Yes, it is, and that’s exactly what he should do.
He also says the media isn’t reporting his entire comments.
Front-runner Republican candidate Donald Trump, when asked during a campaign about the possibility of a Muslim president, stated that some people have said it already happened. Of course a Muslim could be elected president“, he continued, “we can’t bar someone from a certain religion from being elected president.
Thus, Carson is absolutely correct.
“No, I don’t, I do not”, Carson said. Islam. Not radical Islam, not extremist. “I do not”.
Well, right or not right, that’s his viewpoint.
The preamble says: “We the People” establish the Constitution to “secure the blessings of liberty to ourselves and our posterity”.
By comparison, 78 percent said they could vote for a black president after Barack Obama won enough delegates to be the Democratic nominee in 2008. This is very normal in politics to have a set of values that you will advocate for and you will not advocate for.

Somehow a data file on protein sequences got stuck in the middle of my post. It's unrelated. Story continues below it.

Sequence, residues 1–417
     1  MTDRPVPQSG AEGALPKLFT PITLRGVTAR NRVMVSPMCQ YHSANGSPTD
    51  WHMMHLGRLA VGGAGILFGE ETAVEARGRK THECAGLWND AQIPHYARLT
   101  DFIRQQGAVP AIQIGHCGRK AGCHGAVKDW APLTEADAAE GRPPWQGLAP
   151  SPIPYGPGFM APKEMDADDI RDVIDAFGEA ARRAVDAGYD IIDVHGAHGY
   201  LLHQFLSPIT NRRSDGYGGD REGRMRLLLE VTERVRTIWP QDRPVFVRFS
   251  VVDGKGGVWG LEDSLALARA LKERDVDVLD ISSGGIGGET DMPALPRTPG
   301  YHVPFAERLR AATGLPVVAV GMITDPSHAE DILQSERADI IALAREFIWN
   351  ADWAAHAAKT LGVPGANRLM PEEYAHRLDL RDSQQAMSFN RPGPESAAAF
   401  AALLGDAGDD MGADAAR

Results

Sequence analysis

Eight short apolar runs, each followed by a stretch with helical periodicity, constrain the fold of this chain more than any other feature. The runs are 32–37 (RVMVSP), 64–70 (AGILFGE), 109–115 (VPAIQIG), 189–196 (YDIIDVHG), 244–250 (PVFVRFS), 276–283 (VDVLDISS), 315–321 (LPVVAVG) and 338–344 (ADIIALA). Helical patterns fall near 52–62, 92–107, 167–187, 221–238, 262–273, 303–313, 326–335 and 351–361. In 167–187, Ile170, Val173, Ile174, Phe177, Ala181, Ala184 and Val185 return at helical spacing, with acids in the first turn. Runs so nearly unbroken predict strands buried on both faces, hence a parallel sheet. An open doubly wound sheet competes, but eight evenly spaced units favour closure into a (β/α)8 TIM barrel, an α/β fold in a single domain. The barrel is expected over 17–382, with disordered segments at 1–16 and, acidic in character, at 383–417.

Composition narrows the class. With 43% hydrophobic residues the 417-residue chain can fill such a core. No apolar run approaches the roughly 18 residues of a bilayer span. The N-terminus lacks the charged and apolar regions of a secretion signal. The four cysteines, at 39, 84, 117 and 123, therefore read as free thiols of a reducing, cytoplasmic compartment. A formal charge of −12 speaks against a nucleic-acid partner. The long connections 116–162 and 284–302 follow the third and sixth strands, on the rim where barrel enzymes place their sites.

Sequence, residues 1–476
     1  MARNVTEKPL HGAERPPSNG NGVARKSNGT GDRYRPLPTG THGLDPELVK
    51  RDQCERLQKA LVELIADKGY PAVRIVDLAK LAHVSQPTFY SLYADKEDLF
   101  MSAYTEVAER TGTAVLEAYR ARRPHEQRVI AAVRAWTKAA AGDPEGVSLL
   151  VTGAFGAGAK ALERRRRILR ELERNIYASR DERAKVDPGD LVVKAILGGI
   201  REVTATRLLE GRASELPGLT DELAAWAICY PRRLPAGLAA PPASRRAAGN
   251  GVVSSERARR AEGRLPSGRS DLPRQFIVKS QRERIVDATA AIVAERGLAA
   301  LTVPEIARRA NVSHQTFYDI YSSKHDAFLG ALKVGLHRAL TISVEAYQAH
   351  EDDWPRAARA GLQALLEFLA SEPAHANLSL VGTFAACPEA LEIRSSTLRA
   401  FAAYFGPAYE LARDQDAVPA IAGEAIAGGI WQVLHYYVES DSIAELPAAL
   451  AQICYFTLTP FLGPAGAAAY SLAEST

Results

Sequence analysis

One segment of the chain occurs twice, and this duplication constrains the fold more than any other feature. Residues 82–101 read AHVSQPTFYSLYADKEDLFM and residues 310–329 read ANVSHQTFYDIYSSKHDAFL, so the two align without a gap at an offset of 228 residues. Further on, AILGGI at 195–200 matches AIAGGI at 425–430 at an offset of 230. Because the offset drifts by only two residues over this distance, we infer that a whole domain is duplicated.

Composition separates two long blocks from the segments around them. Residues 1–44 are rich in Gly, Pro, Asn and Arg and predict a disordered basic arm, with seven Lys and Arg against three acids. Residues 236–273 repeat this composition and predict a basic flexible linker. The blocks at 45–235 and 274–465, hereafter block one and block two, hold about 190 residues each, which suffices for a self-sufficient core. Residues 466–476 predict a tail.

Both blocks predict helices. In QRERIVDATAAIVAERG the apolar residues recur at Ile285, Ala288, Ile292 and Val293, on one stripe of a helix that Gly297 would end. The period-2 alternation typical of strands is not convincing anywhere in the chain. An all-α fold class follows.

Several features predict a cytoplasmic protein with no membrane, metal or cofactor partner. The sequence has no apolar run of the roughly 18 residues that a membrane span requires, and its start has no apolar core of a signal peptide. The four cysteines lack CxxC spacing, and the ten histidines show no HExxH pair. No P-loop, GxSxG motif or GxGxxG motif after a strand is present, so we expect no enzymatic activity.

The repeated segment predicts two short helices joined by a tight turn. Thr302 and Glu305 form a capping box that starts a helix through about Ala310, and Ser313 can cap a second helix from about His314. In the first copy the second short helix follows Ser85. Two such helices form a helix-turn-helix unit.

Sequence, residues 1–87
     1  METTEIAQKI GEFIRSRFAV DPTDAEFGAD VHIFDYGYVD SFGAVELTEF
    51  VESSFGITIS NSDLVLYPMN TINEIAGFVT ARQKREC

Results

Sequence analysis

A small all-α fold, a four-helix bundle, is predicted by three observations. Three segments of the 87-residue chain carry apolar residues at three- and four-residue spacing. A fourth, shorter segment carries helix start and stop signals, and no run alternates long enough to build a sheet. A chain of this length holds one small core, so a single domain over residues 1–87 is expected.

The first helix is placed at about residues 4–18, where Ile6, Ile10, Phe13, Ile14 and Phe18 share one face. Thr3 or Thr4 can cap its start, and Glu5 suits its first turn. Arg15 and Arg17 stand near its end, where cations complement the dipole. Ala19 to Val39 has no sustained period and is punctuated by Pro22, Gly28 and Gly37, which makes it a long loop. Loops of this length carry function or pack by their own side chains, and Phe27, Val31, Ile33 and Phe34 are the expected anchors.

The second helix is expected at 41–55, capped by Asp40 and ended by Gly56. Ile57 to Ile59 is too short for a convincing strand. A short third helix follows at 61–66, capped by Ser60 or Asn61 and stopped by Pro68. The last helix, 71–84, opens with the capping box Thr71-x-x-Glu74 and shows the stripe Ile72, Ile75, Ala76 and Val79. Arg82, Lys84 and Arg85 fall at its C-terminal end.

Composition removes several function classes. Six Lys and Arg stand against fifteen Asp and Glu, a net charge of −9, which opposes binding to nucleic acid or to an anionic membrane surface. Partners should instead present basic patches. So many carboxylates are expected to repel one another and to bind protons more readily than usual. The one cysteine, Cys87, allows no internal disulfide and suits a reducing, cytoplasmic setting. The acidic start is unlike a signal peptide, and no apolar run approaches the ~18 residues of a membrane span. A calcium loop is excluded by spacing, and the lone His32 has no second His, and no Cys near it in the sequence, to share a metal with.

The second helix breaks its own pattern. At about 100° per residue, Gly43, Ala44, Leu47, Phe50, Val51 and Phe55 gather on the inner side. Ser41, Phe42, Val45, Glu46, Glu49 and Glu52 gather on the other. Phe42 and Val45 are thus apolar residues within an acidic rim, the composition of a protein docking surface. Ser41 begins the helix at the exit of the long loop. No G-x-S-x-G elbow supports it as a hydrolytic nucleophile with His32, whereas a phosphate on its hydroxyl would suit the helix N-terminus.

“A lot of Muslim parents and adults are saying that we’ve already been through a lot and we know how to process this hatred”, he said. “And it’s coming in at least at that rate if not quite a bit faster”.
But the truth is, is that we should call this for what it is.
Maybe he managed to latch on to something that American voters – whether they want to admit it or not – can agree with.
I don’t feel it is my responsibility to read the Quran and get into the business of trying to understand what Muslims believe. Is that okay for him to say? Whenever politicians have chosen to act out by playing on emotions and prejudice, it has not served the republic well, and it never will. He recently drew applause from a crowd of 3,000 at Spring Arbor University when he said he would not give away his “values” for the “sake of political correctness”. What if someone told you can’t become president because of your faith?
CAMEROTA: Ben, Ben, hold on.
As examples, he pointed to Sharia law, a diverse system of religious rules followed by some Muslim societies, arguing that it oppresses women and treats them like “chattel”.
Beyond their willingness to consider Muslim candidates, many Americans express hostility toward the religion in general. But you know what?
Last week in these pages, we published our take on the candidate, and this recent remark only adds another obstacle to his bid for office, though he continues to command a spot near the top of the Republican polls.